Sex Ed in KindergartenI can remember sex education class in sixth grade. Immaturity pervaded the room as boys giggled at the mention of menstruation and girls blushed at the word penis. That was little more than a decade ago, but children are much more advanced now than they were then. I blame the Internet.

Chicago Public Schools acknowledge the enhanced advancement of post-millennial children, so the school district has passed sex education for kindergartners. The policy would teach kindergartners appropriate and inappropriate touching and feelings, anatomy, reproduction and healthy relationships. It also requires sex education in all grades therefore.

The stork is no longer an option for parents. Barbara Byrd-Bennett, the district’s CEO, released a statement explaining the importance of the program.

“It is important that we provide students of all ages with accurate and appropriate information so they can make healthy choices in regards to their social interactions, behaviors, and relationships,” she writes.

Sex-ed instruction will also cover sexual orientation and gender identity for the first time. The school board is introducing LGBT and other terms to children to promote tolerance and awareness of different identities.

The district realizes the controversy of the policy, so parents will be able to opt out of having their children participate. Some parents are still uncomfortable with the proposed legislation.

Melissa Diebold, a parent, thinks the policy is inappropriate. “I don’t think its age appropriate. They have no concept of anything like that at that stage in life,” she told My Fox Chicago.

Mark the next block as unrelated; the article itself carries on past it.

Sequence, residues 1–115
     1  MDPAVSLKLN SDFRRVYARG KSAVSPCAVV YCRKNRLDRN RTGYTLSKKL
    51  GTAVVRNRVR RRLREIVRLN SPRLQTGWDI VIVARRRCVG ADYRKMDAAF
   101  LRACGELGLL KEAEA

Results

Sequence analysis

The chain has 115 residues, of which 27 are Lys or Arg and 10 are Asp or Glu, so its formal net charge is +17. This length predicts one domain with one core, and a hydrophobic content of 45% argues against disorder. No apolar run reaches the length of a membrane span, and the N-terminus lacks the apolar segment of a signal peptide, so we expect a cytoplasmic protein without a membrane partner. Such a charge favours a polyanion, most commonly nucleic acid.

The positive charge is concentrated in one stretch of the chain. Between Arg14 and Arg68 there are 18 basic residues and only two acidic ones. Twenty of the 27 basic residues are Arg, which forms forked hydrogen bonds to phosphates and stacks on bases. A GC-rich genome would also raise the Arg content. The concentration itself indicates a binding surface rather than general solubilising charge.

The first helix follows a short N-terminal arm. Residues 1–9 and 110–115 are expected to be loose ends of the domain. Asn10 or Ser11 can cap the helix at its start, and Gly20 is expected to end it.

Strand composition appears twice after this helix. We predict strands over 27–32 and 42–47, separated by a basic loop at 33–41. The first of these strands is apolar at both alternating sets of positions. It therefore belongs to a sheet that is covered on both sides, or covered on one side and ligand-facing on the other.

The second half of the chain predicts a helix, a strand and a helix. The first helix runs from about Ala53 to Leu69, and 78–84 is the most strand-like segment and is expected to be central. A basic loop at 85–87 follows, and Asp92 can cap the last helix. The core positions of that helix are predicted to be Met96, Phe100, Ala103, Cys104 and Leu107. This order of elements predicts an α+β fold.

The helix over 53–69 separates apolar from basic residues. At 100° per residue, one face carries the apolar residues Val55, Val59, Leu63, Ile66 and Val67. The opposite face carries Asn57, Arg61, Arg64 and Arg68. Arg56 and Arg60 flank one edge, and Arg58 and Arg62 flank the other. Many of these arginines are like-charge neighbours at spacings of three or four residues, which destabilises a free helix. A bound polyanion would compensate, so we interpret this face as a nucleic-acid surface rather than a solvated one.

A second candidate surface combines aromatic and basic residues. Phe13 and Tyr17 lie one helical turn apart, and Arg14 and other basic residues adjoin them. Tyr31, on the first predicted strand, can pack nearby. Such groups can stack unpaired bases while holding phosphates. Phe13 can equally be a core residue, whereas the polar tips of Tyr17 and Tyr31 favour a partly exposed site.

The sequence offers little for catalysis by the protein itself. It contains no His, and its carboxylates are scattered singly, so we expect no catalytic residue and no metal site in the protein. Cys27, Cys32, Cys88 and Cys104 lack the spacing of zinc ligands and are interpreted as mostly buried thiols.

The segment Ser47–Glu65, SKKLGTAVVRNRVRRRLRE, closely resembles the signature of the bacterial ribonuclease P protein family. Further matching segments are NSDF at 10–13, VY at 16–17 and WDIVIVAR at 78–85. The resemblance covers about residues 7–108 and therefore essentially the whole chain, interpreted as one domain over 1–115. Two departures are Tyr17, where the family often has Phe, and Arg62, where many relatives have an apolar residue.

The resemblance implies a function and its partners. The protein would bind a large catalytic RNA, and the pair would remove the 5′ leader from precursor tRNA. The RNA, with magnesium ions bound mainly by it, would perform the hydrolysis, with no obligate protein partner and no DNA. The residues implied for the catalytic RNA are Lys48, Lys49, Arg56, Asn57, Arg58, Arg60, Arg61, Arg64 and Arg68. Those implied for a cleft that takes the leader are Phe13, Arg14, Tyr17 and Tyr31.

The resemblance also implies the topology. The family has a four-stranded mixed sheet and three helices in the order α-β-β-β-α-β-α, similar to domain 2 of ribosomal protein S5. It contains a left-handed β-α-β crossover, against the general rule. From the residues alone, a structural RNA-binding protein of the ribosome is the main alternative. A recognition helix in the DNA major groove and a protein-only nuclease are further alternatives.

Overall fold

Another parent, Mikkel Nance, thinks sex education should involve parents.

“[T]he only concern is how they implement it, and if they involved parents in that process and if they do so they’ll make that transition smoothly,” he said.

Is sex ed for kindergartners inappropriate?

  • J. Nicole

    I think when I was in the 2nd grade is when sex-ed was introduced. Parents of course could opt out, and if my memory serves me correct some 25+ years ago, it was only my & another student who’s parents opted out.

    I think Kindergarden is waaaay to young to introduce sex-ed. Even though parents can choose to not have their kid participate, the fact that its available is crazy to me. I do think there should me some reiteration on what type of touching is and is not appropriate. That is something the kids can benefit from, but I do not think a young mind can or should grasp the concept of sexual relations. Hell, some adults still can’t!

    The way I think it should go is, schools should find a way to determine what kids have had “the talk”, before or around the time puberty sets in with their parents or guardian. If they have had no sex education, they should have a meeting with the parents to see if they wish the school does it instead.

  • Salmon

    I know one of the goals of this program is give young kids tools to identify and report when adults are touching them inappropriately, which I think is very important.

    Although, I’m curious about how this curriculum is taught. I’m afraid that they may not even understand the content.

  • one love